hands drawing on a graph shaped like a battery. The trend line is going down to indicate fatigue

What Are The Most Common Symptoms of Hepatitis C?

The hepatitis C virus (HCV) affects the liver, the organ responsible for filtering out toxins and cleaning your blood. When HCV is not treated, it can cause long-term health issues.1

Chronic HCV can result in many different symptoms, including fatigue, muscle aches, loss of appetite, and nausea, to name a few. However, these symptoms typically come after many years of being infected with HCV. This is why it is crucial to be screened for HCV, even if you have no symptoms.2

In our 2020 Hepatitis C In America survey, we explored the most common symptoms of chronic HCV. More than 400 people completed the survey, including those who have been cured of their HCV as well as those not yet cured.

Their responses provided valuable insight into HCV symptoms and how well they are managed.

Fatigue and muscle aches are common

Because chronic HCV impacts the liver, it can cause the body to feel extremely tired (fatigued) and achy. Our survey found that fatigue and muscle aches are the most common symptoms in both people who have been cured of HCV and those not yet cured.

Of those cured of HCV:

81 percent reported fatigue
62 percent reported muscle aches, including leg cramps

Of those not yet cured:

82 percent reported fatigue
70 percent reported muscle aches, including leg cramps

Depression and anxiety impact many

Coping with an HCV diagnosis is not easy. Many people with HCV feel depressed and anxious about their diagnosis, treatment options, and the resources that are available to them.

According to the survey, both groups of respondents reported feelings of depression and anxiety:

61 percent of those who have cured of HCV
68 percent of those not yet cured

Muscle and skeletal issues

Chronic HCV has been known to cause rheumatic issues. These are problems that affect the bones, muscles, and joints. These issues can take the form of arthritis (inflammation and swelling of the joints), muscle pain and weakness, and loss of bone density.3

Of those who have been cured:

49 percent have muscle and skeletal issues
55 percent have joint pain

Of those who have not yet been cured:

42 percent have muscle and skeletal issues
59 percent have joint pain

Differences among cured and not yet cured

HCV can cause a wide range of symptoms that impact everything from pain to sleep. These symptoms can have a far-reaching impact on the quality of life for both those who have been cured and those not yet cured.

However, people who have been cured are more likely to have experienced hair loss and autoimmune disease, while more people who have not yet cured have experienced abdominal pain.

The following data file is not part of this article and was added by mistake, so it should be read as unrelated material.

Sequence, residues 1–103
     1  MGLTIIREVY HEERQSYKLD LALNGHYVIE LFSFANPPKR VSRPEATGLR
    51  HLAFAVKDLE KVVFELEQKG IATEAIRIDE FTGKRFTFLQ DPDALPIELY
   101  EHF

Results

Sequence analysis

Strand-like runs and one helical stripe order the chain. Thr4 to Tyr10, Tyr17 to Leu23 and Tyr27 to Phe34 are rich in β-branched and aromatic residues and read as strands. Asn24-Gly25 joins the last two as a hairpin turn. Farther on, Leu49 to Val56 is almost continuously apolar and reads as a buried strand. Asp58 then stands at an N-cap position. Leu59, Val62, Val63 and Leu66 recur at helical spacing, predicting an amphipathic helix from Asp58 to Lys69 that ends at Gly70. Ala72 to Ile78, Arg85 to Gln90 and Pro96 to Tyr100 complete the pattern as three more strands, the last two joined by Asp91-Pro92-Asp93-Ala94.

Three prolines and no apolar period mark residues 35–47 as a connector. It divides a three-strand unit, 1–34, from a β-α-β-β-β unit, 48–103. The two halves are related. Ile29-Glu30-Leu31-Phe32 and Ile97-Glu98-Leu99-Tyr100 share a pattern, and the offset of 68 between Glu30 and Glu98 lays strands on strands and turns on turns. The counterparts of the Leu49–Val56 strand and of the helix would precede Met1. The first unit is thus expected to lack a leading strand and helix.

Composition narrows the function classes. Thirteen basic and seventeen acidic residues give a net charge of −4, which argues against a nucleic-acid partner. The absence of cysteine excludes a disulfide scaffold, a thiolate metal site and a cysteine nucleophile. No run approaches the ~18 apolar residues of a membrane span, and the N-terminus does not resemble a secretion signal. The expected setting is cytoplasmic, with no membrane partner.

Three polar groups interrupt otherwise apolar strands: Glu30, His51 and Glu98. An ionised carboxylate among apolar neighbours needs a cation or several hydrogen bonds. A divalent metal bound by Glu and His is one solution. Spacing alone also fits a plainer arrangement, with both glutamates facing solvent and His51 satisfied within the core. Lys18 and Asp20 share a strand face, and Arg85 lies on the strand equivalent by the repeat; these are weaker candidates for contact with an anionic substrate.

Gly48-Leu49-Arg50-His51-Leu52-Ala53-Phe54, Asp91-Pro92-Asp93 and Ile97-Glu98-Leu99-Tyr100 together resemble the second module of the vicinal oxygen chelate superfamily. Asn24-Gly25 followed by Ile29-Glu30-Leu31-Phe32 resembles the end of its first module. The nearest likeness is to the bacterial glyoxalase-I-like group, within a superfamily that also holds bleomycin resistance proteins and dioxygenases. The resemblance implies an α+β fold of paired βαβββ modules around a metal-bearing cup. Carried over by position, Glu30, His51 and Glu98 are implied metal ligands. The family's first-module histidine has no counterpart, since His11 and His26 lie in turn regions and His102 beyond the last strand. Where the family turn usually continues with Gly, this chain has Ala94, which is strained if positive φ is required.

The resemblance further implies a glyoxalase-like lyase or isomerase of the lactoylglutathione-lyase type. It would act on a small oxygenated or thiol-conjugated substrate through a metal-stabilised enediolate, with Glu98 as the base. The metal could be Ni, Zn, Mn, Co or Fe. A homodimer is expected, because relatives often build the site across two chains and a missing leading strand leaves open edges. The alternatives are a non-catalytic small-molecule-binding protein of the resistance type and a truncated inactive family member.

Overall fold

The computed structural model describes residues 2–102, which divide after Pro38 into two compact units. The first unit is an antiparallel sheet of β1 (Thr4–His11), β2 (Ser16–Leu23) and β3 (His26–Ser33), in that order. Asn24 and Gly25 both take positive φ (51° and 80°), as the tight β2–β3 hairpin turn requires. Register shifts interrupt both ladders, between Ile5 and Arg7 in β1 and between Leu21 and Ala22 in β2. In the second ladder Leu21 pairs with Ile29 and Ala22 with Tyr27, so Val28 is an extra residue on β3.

Of those who have been cured:

59 percent have cognitive difficulties
59 percent have insomnia, trouble sleeping, and night sweats
57 percent have itchy skin or skin rashes
46 percent have hair loss
27 percent have an autoimmune disease
46 percent have abdominal pain

Of those who have not yet been cured:

55 percent have cognitive difficulties
61 percent have insomnia, trouble sleeping, and night sweats
59 percent have itchy skin or skin rashes
29 percent have hair loss
12 percent have an autoimmune disease
56 percent have abdominal pain

Managing HCV symptoms

HCV symptoms can be overwhelming and hard to live with. But for those who have been treated or are currently in treatment, these symptoms are well-managed. According to our survey, 85 percent of those who have been cured feel their symptoms are under control.

But in the not yet cured group, just 33 percent feel they have control over their symptoms. Among this group, 48 percent have never been treated for their HCV, and 32 percent have been treated in the past but are no longer being treated.

If you are living with HCV and are struggling to cope with symptoms, reach out to your doctor and care team. They can provide you with resources and support that can help you manage your symptoms. Remember, you are not alone.

The 2020 Hepatitis C In America Survey was conducted online from April through August 2020. The survey was completed by 190 people classified as "Cured" (no longer having the infection) and 217 classified as "Not Cured" (still infected).

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This article represents the opinions, thoughts, and experiences of the author; none of this content has been paid for by any advertiser. The HepatitisC.net team does not recommend or endorse any products or treatments discussed herein. Learn more about how we maintain editorial integrity here.

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